Trenton should embrace and celebrate its walkable network, and work to design and implement complete streets throughout the City. The City needs to identify and prioritize improvements that will bring about Complete Streets, achieving the goals set out in its Complete Streets Policy. To determine priorities for implementation, the City of Trenton should complete a Complete Streets Implementation Action Plan to study, inventory, and overlay desired outcomes from all previous planning efforts plans. This plan should prioritize on-road and trail routes in order to seek State and Federal funding for implementation. These on-road and trail routes should be reflected in the City’s Infrastructure Maintenance and Prioritization Database.
As part of this effort, the City should take note of the fact that some local roads in Trenton are oversized. The City should investigate where it can implement a road diet to convert roadway space to bicycle facilities, pedestrian space, bulb-outs, raised medians, and landscaped areas to calm traffic. Figure 2 shows the proposed and potential complete streets network in Trenton. See also the Make Trenton Roads Safer Initiative for more details.
The City should also identify which streets might benefit from the proposed Great Streets Program, which applies a multi-disciplinary approach to corridor improvement. A Great Streets Program would include public realm investments, land use plans, public safety strategies, urban design standards, and economic development assistance.
The City must also integrate bicycle and pedestrian planning and safety considerations more fully into the planning and design of City and County roads, trail networks, transit facilities, public buildings, and parks. To knit together the various trail systems, Trenton should add bike lanes or shared lanes on roadways, and safe trail and street crossings with enhanced visibility. Work on this initiative must be closely coordinated with the recommendations made in the Comprehensive Capital City Regional Trail Network Initiative. Many on-road routes have already been identified in previous plans. Of particular note is the recently completed Downtown Trenton Bicycle and Pedestrian Plan (DVRPC: 2016). In addition, this Master Plan has identified a number of proposed multi-purpose Trails. For more information, see the District Plans.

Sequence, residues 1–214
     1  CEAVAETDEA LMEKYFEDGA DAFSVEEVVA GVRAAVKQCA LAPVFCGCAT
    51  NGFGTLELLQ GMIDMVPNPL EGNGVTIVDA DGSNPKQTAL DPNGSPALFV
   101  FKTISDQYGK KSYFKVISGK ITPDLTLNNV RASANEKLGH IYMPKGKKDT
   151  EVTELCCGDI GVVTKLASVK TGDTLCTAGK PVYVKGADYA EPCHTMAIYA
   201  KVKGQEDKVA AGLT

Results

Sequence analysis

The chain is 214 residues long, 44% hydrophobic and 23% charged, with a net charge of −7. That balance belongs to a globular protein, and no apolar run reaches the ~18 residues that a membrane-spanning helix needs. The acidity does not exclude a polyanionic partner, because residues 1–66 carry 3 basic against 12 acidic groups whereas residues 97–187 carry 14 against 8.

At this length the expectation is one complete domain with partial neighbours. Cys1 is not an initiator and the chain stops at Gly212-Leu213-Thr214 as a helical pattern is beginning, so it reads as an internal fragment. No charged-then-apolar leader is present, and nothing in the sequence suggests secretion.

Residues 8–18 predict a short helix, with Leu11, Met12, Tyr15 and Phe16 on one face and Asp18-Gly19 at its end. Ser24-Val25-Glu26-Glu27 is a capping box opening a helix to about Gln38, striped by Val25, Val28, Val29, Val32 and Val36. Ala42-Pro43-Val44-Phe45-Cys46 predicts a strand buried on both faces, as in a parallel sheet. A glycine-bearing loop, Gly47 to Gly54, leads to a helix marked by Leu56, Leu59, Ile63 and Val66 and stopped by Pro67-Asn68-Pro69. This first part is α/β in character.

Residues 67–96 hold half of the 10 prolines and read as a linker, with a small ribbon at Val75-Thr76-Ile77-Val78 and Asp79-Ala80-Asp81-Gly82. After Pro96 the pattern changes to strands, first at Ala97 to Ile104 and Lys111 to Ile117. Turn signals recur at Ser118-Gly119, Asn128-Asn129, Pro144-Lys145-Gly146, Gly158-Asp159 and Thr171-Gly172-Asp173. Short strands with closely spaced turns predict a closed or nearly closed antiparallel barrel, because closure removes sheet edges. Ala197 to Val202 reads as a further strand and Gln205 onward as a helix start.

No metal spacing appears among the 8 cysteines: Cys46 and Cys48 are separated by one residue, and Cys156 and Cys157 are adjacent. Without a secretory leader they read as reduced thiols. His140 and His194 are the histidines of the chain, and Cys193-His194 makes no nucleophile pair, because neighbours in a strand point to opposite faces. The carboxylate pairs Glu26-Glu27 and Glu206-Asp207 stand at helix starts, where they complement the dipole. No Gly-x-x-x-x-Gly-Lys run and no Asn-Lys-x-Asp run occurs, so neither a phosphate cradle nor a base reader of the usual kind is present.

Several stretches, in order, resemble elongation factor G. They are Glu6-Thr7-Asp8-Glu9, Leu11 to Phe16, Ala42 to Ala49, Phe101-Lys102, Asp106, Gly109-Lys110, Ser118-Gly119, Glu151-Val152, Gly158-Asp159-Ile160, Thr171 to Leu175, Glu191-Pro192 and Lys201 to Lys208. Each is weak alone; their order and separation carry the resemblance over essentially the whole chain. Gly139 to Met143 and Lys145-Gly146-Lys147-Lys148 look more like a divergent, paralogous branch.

Finally, the City of Trenton should provide, support, and promote Transportation Demand Management (TDM) programs aimed at reducing the number of car trips and miles driven to increase the efficiency of the transportation system. This will not only reduce the amount of congestion on roads but will also open up opportunities to dedicate road space to non-automotive transportation.
Early efforts that are likely to have large impacts include simple wayfinding, trail maintenance and repairs, and incorporating bicycle curb cuts at trail/road crossings, as well as undertaking a prioritized Sidewalk Repair Study. These actions would allow the City to make short-term gains while longer-term projects are developed, and are also closely related to actions identified in the Make Trenton Roads Safer for All Initiative.
Finally, complete streets implementation could be supported by pilot projects like the Play-Street-Scape Pilot Program in which the City develops a daily vehicular use closure plan along a street to connect schools to parks and open spaces after school. Coordinating this work through the Infrastructure Maintenance, Prioritization, and Management Initiative will increase effectiveness and efficiency.